Editorial: Congress must fix data privacy bill so it doesn’t hurt Californians

A finger looms over app icons
The American Data Privacy and Protection Act being considered by Congress includes a provision that would preempt California’s strong protections.
(Associated Press )

At long last, Congress appears close to crafting a law to protect Americans’ data privacy on the internet. It’s something Americans across the political spectrum overwhelmingly want, and it’s years overdue. Europe rolled out strong data privacy protections in 2018 and California passed similar measures soon after.

So we’d like to be able to say to Congress: “Better late than never!”

But the bill under consideration in Washington is seriously flawed. It threatens to diminish the privacy protections Californians have come to expect from a state law signed in 2018 and a ballot measure voters approved in 2020. It’s weaker than the privacy laws on the books in California and contains a provision that says the federal policy would override state laws. That’s unacceptable.

A handful of other states followed California’s lead and adopted their own privacy laws, though none are as strong. Tech companies have been pushing Congress for a single privacy policy that is uniform across the nation. It’s not surprising that businesses want to avoid having to comply with a patchwork of different data privacy laws across the states. But Congress must not water down the rights of Californians in federal legislation.


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Privacy laws in the Golden State allow consumers to opt out of the use of artificial intelligence to create a profile of them based on their personal data, such as facial recognition software or scoring systems that automatically determine if someone is eligible for a service. They prevent companies from charging consumers more if they delete their information, and prohibit monitoring users’ precise geolocation using video feeds from surveillance cameras and photos from people’s phones.

California’s data privacy law also lets consumers opt out of the sale of information that makes inferences about them. As Times reporter Jennifer Haberkorn reports, this includes sensitive information like location-tracking data that could suggest someone had visited an abortion clinic. These are some of the protections Californians would lose if Congress passes the American Data Privacy and Protection Act with the provision that preempts state laws.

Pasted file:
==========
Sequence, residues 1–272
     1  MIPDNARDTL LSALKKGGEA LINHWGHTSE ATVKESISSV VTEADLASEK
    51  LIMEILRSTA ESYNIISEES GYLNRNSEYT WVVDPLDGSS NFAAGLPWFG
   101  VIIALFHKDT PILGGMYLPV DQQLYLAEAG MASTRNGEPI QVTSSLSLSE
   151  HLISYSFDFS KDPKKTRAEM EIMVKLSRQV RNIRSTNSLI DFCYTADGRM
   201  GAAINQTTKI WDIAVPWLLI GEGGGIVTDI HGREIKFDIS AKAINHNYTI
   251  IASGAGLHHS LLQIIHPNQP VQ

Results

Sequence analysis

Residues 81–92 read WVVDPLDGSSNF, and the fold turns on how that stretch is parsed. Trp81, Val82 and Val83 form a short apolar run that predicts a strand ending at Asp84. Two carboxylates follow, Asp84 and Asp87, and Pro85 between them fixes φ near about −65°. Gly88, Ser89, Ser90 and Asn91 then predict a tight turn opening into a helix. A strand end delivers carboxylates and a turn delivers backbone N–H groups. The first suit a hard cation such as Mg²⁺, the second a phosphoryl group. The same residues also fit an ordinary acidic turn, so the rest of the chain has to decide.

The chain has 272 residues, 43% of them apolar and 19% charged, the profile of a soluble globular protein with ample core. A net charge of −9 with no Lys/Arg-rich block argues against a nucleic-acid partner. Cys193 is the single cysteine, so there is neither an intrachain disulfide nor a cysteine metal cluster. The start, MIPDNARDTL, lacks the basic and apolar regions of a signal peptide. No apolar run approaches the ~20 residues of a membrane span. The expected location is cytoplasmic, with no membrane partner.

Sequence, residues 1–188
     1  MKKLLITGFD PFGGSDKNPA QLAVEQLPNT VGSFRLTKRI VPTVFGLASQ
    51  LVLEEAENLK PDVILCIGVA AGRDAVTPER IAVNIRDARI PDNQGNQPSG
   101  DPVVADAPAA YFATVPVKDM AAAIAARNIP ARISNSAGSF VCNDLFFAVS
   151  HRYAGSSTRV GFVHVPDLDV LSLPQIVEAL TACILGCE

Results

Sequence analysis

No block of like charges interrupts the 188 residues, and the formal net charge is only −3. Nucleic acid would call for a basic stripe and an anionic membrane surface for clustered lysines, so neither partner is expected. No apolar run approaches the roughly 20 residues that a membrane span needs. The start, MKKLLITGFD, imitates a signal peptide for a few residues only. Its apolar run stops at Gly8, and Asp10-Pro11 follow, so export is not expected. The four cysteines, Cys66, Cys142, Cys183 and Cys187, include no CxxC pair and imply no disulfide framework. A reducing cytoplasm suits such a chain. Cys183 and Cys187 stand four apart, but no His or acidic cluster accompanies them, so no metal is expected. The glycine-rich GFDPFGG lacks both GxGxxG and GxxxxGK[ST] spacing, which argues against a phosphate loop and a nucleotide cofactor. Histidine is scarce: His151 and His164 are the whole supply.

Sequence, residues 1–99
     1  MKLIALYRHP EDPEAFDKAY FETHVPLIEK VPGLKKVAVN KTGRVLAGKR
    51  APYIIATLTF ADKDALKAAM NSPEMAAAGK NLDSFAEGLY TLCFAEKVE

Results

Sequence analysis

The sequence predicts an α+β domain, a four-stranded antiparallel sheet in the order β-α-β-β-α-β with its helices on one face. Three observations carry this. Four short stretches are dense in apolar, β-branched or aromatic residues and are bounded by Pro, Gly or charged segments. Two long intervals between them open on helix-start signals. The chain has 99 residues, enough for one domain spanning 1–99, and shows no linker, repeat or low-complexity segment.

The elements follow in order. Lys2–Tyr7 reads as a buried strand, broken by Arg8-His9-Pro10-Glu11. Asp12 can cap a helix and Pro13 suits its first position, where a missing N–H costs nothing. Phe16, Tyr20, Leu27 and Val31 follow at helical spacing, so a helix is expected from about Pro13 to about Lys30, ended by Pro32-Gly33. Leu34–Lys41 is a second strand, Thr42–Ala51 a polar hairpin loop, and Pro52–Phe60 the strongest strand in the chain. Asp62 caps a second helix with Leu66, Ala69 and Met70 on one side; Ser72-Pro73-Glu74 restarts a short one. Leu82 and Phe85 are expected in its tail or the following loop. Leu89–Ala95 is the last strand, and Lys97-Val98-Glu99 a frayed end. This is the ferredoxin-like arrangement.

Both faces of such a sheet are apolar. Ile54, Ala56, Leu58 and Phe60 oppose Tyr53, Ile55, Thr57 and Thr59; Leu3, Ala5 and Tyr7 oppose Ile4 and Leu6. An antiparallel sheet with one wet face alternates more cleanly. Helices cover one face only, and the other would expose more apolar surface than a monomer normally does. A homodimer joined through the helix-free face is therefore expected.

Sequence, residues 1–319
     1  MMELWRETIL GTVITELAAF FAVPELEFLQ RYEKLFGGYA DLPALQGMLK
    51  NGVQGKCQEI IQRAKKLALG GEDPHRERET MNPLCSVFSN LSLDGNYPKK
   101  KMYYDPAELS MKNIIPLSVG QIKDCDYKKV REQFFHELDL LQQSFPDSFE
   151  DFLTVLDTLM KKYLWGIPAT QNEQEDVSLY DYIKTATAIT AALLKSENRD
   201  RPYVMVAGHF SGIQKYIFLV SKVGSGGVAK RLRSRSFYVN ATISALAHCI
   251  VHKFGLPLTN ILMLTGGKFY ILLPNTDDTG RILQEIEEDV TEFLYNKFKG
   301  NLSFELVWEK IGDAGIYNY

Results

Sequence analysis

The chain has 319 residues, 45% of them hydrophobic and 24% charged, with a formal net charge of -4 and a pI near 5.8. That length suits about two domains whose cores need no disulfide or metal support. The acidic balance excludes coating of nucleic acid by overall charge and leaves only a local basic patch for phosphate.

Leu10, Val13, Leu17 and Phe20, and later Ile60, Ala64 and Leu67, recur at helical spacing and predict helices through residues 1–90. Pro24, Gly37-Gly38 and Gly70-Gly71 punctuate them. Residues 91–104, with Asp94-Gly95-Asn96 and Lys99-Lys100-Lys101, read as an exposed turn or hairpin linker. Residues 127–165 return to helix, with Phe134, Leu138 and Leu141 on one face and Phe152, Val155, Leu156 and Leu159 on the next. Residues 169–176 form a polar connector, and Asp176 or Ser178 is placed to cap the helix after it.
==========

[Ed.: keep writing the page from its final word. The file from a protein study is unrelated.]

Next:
The bill had a groundswell of bipartisan support in Congress this summer as it passed a key committee. But California leaders, including Gov. Gavin Newsom and Atty. Gen. Rob Bonta, urged lawmakers to amend it so that it does not override California law. For a while, it was uncertain if California’s concerns would be heeded amid the bipartisan momentum and a big push from the tech lobby.

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But the most powerful person in the House is a California Democrat, and she is sticking up for her home state. We applaud Speaker Nancy Pelosi for insisting on changes to the bill. “It is imperative that California continues offering and enforcing the nation’s strongest privacy rights,” Pelosi said Sept. 1.

It’s not clear how the legislation will be rewritten to leave California’s laws untouched. Democratic Rep. Anna G. Eshoo of Menlo Park suggested setting the federal law as a floor and allowing other states to enact more aggressive policies. But the bill’s author, Democratic Rep. Frank Pallone Jr. of New Jersey, objected. He said that would risk losing support from Republicans, who side with the tech industry in wanting a federal law that preempts the states.

Another approach lawmakers should consider is a framework similar to the federal Clean Air Act, which allows California to set a tougher standard than the national one and lets states choose which they want to follow.

The pervasiveness of technology in modern life has created an insidious market for personal information from which residents of every state should be protected. The nation needs a robust data privacy law, but not one that will weaken California’s.